Every ACORN office has an adviser on underage prostitution.
The two independent filmmakers who posed as a pimp and a prostitute and received advice from ACORN employees in five cities on how to skirt tax and immigration laws claim the community organizer group lied when it said the pair were shown the door without receiving assistance from staffers in its Philadelphia office.
James O’Keefe, 25, and Hannah Giles, 20, played a heavily-edited video on Wednesday depicting their visit to ACORN’s Philadelphia office on July 24. Giles, clad in a fur coat and leather skirt, posed as a prostitute, while O’Keefe played the role of her pimp. The pair claim they were not “kicked out” of the office without assistance from ACORN employee Katherine Conway-Russell, as has been reported.
“At no point were we kicked out and at no point were we asked to leave,” O’Keefe told reporters at the National Press Club in Washington. “Why did the Philadelphia press report were we kicked out?
The new eight-minute video depicts O’Keefe and Giles entering ACORN’s Philadelphia office and meeting with Conway-Russell. O’Keefe and Giles are seen speaking with Conway-Russell, but audio portions of the video are missing or edited in some portions. O’Keefe is heard mentioning he doesn’t “want to get in trouble with authorities,” and he mentions individuals will be frequently coming in and out of the building they hoped to secure, an apparent reference to the purported prostitution business to operate there. Clips of news reports featuring Conway-Russell and ACORN’s chief executive, Bertha Lewis, claiming the pair were kicked out of the office were then shown.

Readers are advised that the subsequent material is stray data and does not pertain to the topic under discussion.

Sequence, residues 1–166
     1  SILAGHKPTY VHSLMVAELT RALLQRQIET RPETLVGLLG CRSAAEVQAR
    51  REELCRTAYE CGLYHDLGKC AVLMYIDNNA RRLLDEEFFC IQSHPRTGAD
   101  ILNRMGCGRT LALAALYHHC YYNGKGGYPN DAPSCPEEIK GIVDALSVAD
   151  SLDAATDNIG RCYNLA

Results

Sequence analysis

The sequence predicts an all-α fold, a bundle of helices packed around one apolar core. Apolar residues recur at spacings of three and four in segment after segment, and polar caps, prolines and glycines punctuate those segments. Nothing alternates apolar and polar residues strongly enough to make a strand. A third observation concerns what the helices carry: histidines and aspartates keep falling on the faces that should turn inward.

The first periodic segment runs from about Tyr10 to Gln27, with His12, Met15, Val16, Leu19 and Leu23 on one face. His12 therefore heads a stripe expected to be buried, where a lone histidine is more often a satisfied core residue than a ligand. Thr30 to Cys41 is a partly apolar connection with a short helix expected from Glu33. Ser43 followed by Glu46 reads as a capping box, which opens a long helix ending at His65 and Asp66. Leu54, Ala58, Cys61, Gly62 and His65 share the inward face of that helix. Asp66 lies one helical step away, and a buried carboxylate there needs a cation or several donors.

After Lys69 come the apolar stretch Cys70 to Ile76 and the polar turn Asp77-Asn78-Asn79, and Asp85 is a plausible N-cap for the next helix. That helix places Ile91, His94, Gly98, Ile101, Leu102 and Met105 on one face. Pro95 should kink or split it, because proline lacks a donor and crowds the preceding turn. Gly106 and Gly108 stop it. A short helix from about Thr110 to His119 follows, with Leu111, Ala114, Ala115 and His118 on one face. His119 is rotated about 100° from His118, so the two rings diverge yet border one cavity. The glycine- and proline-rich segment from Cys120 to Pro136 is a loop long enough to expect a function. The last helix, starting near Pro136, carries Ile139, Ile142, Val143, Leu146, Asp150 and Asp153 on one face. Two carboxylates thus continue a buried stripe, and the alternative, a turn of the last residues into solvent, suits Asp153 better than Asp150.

O’Keefe and Giles video:
……The first five videos — made public on BigGovernment.com — depicted ACORN employees in Washington, Brooklyn, N.Y., Baltimore, San Diego and San Bernardino, Calif., offering advice to O’Keefe and Giles on how to skirt tax laws and avoid detection by authorities while operating a brothel. The footage led to the firing of four employees and the suspension of two others.
The undercover operation prompted the IRS and the Census Bureau to sever all ties to the organization, which bills itself as the nation’s largest grassroots organization of low- and moderate-income families. A criminal probe was launched by the Kings County District Attorney’s Office to investigate activities at ACORN’s Brooklyn office, and the Treasury Department’s inspector general agreed on Sept. 24 to conduct a review of ACORN, and IRS oversight of nonprofit organizations as a whole. Other probes into the group include investigations by the attorneys general of California and New York.
Conway-Russell even handed them a business card.